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Greek historian Thucydides gave birth to political realism, a theory of politics which advocates that the acquisition of power is the ultimate purpose of any action. In the absence of an agent (i.e. a state, a government, an institution, a person) who holds the power then there is a political vacuum.

In the absence of power a variety of agents will present themselves to fill the void. What they have to offer may be less than ideal or indeed less than real, but in the absence of any viable alternative they come to be the power.

The press in the UAE is in its infancy. As a consequence much of what is written with conviction elsewhere in the world, on account of decades of data and an appreciation of history, is being tried and tested for the first time out here.

Educational journalism is no exception and as a consequence much of what is asserted about schools in the UAE is at best useless and at worst misleading for parents. One recent league table based upon website hits is soon to be replaced by another equally divisive, pointlessly simplistic and disappointingly reductive analysis of schools.

Unfortunately, there is no independent agency out here who has taken it upon themselves to create a definite and unambiguous analysis of schools for the benefit of parents. This is unsurprising since the task is enormous and education is a broad, social and philosophical enterprise experienced very personally by individual students and their families.

Ultimately there is no way to compare schools other than to experience them in person. Written reviews filled with judgements but without comparison are the next best thing which in turn are far better than ill-informed alpha-numeric tables, the criteria for which are at best opaque and at worst misleading.

Any series of dehumanising metrics taken entirely out of context of everything else which is taking place in an institution and presented on an independent website will simply send any conscientious parent into a tail spin.

To pit parents against one another when their budgets, value systems and aspirations are entirely different seems like a deliberate attempt to stir the pot and yet there is no-one currently operating within the UAE who is embarking upon a more edifying and unifying educational project than one which deliberately seeks to foment disharmony.

Recently we have heard from many parents who have been made to feel disheartened, disenfranchised and inadequate on account of a recent ranking of schools. Given the broad range of socio-economic backgrounds from which Dubai parents come, suggesting to them that they are not sending their child to the best school which is (a) geographically impossible and (b) financially beyond their reach has been perceived as unhelpful and cruel.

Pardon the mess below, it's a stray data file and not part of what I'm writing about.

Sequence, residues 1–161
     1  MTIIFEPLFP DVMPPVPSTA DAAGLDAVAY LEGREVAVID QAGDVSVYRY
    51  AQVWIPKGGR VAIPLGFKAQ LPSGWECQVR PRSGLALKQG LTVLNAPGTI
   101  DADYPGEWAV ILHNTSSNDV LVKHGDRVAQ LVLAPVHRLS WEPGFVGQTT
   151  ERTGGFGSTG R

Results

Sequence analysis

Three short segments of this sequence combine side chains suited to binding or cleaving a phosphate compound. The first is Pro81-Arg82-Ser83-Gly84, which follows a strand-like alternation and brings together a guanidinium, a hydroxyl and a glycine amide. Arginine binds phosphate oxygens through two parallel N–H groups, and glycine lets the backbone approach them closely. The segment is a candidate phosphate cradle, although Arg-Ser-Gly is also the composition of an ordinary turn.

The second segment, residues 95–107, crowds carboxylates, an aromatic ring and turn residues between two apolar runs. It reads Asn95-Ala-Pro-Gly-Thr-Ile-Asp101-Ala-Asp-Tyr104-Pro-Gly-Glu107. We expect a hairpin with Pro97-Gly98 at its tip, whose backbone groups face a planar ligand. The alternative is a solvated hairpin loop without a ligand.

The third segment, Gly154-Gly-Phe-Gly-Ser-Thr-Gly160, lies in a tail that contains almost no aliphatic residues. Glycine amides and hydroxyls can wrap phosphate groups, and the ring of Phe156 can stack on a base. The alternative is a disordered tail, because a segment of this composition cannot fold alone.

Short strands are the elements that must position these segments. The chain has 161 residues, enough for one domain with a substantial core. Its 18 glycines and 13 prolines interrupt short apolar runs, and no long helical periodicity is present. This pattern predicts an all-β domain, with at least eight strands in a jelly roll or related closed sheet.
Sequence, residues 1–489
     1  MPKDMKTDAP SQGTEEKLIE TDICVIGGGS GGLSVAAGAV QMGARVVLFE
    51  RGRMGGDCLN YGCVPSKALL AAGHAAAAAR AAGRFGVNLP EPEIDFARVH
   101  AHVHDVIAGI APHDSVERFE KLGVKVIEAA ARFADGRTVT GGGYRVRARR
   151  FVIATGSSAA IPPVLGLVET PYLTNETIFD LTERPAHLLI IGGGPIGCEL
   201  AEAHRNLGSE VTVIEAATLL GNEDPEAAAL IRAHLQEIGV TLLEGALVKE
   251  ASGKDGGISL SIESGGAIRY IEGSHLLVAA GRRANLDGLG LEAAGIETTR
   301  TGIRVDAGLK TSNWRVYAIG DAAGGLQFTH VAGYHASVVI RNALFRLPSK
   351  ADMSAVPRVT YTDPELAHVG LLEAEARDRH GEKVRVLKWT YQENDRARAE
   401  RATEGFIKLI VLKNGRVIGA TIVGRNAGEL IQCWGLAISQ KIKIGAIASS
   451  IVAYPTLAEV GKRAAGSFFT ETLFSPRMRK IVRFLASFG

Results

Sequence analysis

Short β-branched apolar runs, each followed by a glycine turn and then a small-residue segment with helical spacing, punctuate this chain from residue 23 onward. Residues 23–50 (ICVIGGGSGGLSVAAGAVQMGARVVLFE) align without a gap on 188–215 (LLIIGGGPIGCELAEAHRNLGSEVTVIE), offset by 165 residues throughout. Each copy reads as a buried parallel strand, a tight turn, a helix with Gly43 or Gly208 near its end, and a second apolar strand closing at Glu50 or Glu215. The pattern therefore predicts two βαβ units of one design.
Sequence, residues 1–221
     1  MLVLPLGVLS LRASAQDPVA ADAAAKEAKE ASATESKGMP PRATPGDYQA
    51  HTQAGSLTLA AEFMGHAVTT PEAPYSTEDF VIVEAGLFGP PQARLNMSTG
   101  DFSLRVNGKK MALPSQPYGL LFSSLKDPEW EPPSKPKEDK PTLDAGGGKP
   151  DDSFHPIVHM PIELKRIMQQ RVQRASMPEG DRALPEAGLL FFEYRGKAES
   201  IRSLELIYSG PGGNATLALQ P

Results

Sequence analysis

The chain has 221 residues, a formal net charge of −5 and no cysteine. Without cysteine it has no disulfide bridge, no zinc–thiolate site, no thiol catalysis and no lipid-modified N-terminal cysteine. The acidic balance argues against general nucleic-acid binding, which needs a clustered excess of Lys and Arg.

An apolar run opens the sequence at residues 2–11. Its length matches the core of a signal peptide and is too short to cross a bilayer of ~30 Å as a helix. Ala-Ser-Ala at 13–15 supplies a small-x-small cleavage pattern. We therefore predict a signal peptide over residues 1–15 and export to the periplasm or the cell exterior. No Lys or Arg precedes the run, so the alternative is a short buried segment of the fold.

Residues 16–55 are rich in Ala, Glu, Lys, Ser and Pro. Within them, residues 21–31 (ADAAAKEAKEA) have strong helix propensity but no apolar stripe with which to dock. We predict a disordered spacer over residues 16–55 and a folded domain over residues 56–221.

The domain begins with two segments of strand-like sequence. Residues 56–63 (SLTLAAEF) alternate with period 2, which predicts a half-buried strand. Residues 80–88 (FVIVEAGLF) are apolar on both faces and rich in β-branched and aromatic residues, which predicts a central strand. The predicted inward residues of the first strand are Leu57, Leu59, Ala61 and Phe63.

As such I would suggest than any and all league tables are a misleading blight on the educational landscape of Dubai. Parents should be equipped to interrogate schools during their Open Days and Admissions cycles with regard to everything that schools have to offer. This may begin with, but should be limited to, the percentage participation of students in sport, music, arts and drama, onward destinations, working hours, academic outcomes and value added, peer group, finances, additional resources and opportunities which add value to the educational experience which are not simply "value-added" scores or exam grades. 

Traditional league tables, which rank the percentage of A*/A grades in the UK system, for example, can mislead parents about the quality of a school as will further suggested league tables which rank the value-added scores of schools.

Until parents can disentangle the amount of tutoring and parent support which students receive outside lessons in school in addition to parents’ income, level of education, nationality, neighbourhood, language, upbringing, peer group and a dozen other contributory factors then a value-added league table will be as misleading as a traditional league table when coming to rank school performance.

Dare I say it, therefore, the UAE Unified Inspection Framework is probably still the most objective mechanism by which parents can evaluate the quality of schools in the emirates. The 70 separate criteria against which schools are judged are probably the most holistic appreciation of a school’s outcomes which parents could hope to receive.

Whilst certain core subjects such as Arabic and Islamic Studies may not be the same core focus for all parents as they are for the government, the written reports are a pretty comprehensive guide to school performance if people only take the time to read them in detail.

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